by Ken B.
In 2013, I published a top 10 list. In 2014, I published a top 10 list which was basically a top 17, and in 2015, I have forgone the formalities and decided to list the top 20 movies I reviewed this year. I promise this list will not get any bigger.
Note that a for a film to be eligible for inclusion on this list or the soon to be published Worst list, it needs to be a movie reviewed by me, on this site, in 2015. That means that movies released before 2015 are eligible, if I didn’t review a particular film for the site, even if it came out in 2015, it doesn’t count. I’ve done my due diligence this year and made sure to write reviews of all of the “great” movies I’ve seen in the past twelve months, so they are all pretty much eligible.
I will reveal five titles a day from now (December 28) until New Year’s Eve. If you’re reading this list on December 31, 2015, or afterwards, everything is here.
Let’s get started.
20. God Help the Girl (Stuart Murdoch, 2014, reviewed April 20)
God Help the Girl has this unique, single handed ability to handedly tick off as many people as it enamors. For a fair number of viewers, watching a round of hipster British teens rattle off esoteric emotional descriptions while singing indie songs written by the film’s screenwriter and director, Belle & Sebastian lead man Stuart Murdoch, will be nothing but torture. As far as I’m concerned, I didn’t find it particularly earth-shattering, but there’s cult-audience building aplenty and it won me over.
112 minutes. In English. No MPAA rating (contains profanity).
19. Still Alice (Richard Glatzer and Wash Westmoreland, 2014/15, reviewed March 23)
Julianne Moore has her Oscar now, and at least she got it for a compelling, enrapturing performance like the one she gives in Still Alice. A gutwrenching depiction of a middle aged professional woman diagnosed with early-onset Alzheimer’s, this is the final film that Richard Glatzer directed (with his husband Wash Westmoreland) before his death from ALS earlier this year. There’s a suitability to the idea that this would be his final work, one that magnifies a complex condition and calls attention to those who suffer, but will not be forgotten.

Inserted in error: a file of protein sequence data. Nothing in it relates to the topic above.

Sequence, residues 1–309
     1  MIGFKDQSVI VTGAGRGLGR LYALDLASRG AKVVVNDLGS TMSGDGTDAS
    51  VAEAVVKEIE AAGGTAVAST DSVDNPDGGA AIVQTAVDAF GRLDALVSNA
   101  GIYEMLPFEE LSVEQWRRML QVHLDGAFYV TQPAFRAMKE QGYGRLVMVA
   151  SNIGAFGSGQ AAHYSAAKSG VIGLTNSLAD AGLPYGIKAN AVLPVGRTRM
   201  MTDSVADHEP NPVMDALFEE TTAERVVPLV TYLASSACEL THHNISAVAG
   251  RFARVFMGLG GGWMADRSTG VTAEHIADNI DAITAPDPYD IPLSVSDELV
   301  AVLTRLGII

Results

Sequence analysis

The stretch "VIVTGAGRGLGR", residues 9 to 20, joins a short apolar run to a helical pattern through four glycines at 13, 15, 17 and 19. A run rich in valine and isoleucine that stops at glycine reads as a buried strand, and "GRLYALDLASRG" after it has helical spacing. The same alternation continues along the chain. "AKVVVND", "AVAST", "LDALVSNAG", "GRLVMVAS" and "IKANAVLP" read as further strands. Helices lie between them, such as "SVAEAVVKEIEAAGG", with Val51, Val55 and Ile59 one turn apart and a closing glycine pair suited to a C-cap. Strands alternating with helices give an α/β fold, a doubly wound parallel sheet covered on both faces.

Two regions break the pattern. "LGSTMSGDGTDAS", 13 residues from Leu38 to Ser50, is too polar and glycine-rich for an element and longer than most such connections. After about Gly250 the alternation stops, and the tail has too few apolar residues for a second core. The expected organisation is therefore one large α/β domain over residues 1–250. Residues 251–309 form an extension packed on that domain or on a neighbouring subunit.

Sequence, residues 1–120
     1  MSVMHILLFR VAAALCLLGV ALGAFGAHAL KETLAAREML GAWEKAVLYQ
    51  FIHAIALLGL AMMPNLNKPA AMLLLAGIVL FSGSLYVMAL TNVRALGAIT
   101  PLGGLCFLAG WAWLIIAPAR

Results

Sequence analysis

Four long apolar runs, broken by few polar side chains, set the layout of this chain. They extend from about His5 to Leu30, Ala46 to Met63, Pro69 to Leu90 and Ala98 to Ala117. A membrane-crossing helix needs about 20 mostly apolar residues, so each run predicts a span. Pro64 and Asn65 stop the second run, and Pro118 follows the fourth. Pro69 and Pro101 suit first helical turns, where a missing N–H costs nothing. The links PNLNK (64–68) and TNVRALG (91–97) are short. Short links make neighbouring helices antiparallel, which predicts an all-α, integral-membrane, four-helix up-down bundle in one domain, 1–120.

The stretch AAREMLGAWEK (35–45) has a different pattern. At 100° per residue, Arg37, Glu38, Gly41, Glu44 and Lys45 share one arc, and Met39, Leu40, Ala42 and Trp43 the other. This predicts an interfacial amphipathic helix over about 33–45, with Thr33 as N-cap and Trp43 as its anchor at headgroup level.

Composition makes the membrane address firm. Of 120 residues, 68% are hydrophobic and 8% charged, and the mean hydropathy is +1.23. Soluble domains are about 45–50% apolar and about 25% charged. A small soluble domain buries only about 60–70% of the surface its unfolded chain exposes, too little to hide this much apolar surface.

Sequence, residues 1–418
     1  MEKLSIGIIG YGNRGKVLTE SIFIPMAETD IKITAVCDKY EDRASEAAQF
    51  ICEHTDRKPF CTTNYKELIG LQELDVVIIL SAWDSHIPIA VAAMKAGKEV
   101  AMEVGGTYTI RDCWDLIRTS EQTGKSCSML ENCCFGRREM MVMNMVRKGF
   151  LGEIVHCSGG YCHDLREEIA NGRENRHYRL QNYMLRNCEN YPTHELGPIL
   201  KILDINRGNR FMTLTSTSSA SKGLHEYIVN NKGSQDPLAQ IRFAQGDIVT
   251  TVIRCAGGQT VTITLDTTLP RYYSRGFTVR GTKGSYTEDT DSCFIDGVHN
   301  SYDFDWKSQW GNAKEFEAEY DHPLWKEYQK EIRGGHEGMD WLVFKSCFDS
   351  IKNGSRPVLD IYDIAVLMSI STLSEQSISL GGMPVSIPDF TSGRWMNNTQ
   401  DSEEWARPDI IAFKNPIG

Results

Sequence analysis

101 minutes. In English. Rated PG-13 (contains intense depiction of illness).
18. North Sea Texas (Bavo Defurne, 2011, reviewed May 21)
A rare example of a film which accomplishes a runtime-long dream state without feeling unintentionally surrealistic, North Sea Texas unpacks a simple but engrossing love story between two teenage boys in mid-20th century Belgium. It’s slow going, but prospective viewers can easily allow themselves to fall into this world with just the right amount of patience, as one watches the plot build to cataclysmic levels of silent tension, and then releasing it in a wave of emotion which mimics motifs from cinema’s greatest coming-of-age tales.
98 minutes. In Dutch with English subtitles. No MPAA rating (contains sex references and brief nudity).
17. The Babadook (Jennifer Kent, 2014, reviewed June 11)
Is it a horror film or an allegorical examination of grief? Why can’t it be both? Jennifer Kent’s The Babadook exists two or three ticks above the movie that the trailers would have you believe it is, and its stripped down approach to the monster movie structure becomes a stepping stone for bigger questions, elevated to greater highs with exemplary performances from Essie Davis in the lead role and Noah Wiseman as her character’s son, a frightening fictional accomplishment which brings new meaning to the phrase “problem child”.
94 minutes. In English. No MPAA rating (contains both supernatural and realistic violence).
16. Star Wars: The Force Awakens (J.J. Abrams, 2015, reviewed December 24)
Secretly, I’m not sure if I genuinely was dazzled by The Force Awakens or was just overwhelmingly relieved it wasn’t awful. In any case, one can’t deny the forceful impact of what J.J. Abrams has created, sending shockwaves through global culture as the film earns the honor of earning $1 billion worldwide faster than anyone else. Additionally, it overcomes (admittedly valid) comparisons to A New Hope and unveils a result which will serve as a solid mounting point for future installments in the series. Its uniting of old cast members and new faces sells it as a sturdy bridge between yesterday and today.
135 minutes. In English. Rated PG-13 (sci-fi violence).
Click on page two for numbers 15 – 11.